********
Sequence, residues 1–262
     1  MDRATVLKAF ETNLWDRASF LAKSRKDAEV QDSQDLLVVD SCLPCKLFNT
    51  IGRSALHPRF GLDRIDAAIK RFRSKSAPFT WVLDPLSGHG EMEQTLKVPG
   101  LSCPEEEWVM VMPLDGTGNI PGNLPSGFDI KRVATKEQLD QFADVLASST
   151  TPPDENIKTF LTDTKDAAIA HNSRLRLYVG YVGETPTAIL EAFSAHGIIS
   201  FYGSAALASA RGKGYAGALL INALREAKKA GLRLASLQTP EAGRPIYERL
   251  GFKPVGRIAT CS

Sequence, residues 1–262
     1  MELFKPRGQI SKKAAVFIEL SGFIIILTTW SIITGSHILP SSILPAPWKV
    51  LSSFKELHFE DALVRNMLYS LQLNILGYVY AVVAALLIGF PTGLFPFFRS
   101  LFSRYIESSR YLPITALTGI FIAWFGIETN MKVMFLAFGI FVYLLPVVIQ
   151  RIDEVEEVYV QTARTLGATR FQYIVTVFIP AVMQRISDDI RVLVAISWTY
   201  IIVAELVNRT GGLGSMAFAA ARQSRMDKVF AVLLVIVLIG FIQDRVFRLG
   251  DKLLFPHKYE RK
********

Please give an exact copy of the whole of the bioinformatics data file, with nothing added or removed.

Sequence, residues 1–262
     1  MDRATVLKAF ETNLWDRASF LAKSRKDAEV QDSQDLLVVD SCLPCKLFNT
    51  IGRSALHPRF GLDRIDAAIK RFRSKSAPFT WVLDPLSGHG EMEQTLKVPG
   101  LSCPEEEWVM VMPLDGTGNI PGNLPSGFDI KRVATKEQLD QFADVLASST
   151  TPPDENIKTF LTDTKDAAIA HNSRLRLYVG YVGETPTAIL EAFSAHGIIS
   201  FYGSAALASA RGKGYAGALL INALREAKKA GLRLASLQTP EAGRPIYERL
   251  GFKPVGRIAT CS

Sequence, residues 1–262
     1  MELFKPRGQI SKKAAVFIEL SGFIIILTTW SIITGSHILP SSILPAPWKV
    51  LSSFKELHFE DALVRNMLYS LQLNILGYVY AVVAALLIGF PTGLFPFFRS
   101  LFSRYIESSR YLPITALTGI FIAWFGIETN MKVMFLAFGI FVYLLPVVIQ
   151  RIDEVEEVYV QTARTLGATR FQYIVTVFIP AVMQRISDDI RVLVAISWTY
   201  IIVAELVNRT GGLGSMAFAA ARQSRMDKVF AVLLVIVLIG FIQDRVFRLG
   251  DKLLFPHKYE RK